How Seasonal Affective Disorder Impacts Students


Photo Credit: Alice Bronstein, TMS Center

There are many things that come with the changing of seasons: different foods, clothes, holidays…and new mental health challenges. 

Seasonal Affective Disorder, or SAD, is a mood disorder caused by the changing of seasons. While some forms of it happen in the spring/summer seasons, the majority of cases occur as the temperature drops, often peaking in late fall or early winter.

While feeling down because of the cold is normal, SAD should not be written off as being in a sad mood. SAD can cause social isolation, anxiety, and even suicidal thoughts.

According to Cleveland Clinic, other symptoms of SAD include:

  • Sadness, feeling depressed most of the day, almost every day.
  • Carbohydrate cravings and weight gain.
  • Extreme fatigue and lack of energy.
  • Feelings of hopelessness or worthlessness.
  • Trouble concentrating.
  • Feeling irritated or agitated.
  • Limbs (arms and legs) that feel heavy.
  • Loss of interest in usually pleasurable activities, including withdrawing from social activities.
  • Sleeping problems (usually oversleeping).

“The American Academy of Family Physicians reports that 4 to 6 percent of people in the United States suffer from winter-onset SAD,” Newport Academy said. “Because SAD usually starts in young adulthood, teenagers and adolescents are at risk.”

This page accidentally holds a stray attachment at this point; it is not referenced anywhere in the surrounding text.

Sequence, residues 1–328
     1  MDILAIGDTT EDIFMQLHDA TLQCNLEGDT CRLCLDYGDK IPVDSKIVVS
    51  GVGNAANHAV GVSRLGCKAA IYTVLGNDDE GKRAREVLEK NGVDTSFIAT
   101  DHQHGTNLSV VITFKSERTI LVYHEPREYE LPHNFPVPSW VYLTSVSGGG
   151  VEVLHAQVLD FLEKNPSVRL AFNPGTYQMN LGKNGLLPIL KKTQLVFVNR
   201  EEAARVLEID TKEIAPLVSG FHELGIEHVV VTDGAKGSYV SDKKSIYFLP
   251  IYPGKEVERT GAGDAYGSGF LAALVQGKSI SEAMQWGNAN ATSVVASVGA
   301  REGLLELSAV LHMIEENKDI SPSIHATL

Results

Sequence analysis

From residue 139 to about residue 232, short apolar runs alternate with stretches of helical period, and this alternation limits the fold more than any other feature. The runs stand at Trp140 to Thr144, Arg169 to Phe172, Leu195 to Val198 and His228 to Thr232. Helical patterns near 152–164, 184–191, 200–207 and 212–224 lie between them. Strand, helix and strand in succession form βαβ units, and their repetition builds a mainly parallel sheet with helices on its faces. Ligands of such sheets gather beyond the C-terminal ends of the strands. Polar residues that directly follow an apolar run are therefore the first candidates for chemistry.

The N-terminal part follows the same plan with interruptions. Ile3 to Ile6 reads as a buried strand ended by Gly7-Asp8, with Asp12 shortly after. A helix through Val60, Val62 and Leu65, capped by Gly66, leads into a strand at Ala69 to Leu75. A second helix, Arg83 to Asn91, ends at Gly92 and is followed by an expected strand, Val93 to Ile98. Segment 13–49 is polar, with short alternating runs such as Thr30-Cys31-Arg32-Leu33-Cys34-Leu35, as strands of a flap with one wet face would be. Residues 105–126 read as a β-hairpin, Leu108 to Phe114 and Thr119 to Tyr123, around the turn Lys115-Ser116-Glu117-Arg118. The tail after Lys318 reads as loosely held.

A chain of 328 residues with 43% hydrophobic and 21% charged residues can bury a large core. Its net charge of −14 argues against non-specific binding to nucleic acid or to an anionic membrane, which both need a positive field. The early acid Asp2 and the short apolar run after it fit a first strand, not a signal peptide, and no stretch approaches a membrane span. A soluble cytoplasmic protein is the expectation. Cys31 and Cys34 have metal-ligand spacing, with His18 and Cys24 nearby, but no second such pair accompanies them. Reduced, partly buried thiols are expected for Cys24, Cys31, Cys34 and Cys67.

Lack of energy seems to be one of the most common symptoms. “When it’s colder, my energy levels tend to be all over the place,” Janelle Kwatia, freshman, said. “Sometimes I’m really tired and sometimes I have a lot of energy…It’s weird.” Many other students also report having unusual energy levels, along with oversleeping. 

Some may face more serious symptoms, however. “I oversleep in the winter,” Alex Millimet, freshman, says. “I also notice that my depression gets worse.”

While these new symptoms may feel overwhelming, there are many treatments for SAD. These can include talk therapy, spending more time outdoors, and light therapy, where you sit in front of a special type of lamp to mimic exposure to sunlight.

One of the most important things, according to MayoClinic, is to not, “brush off that yearly feeling as simply a case of the ‘winter blues’ or a seasonal funk that you have to tough out on your own. Take steps to keep your mood and motivation steady throughout the year.”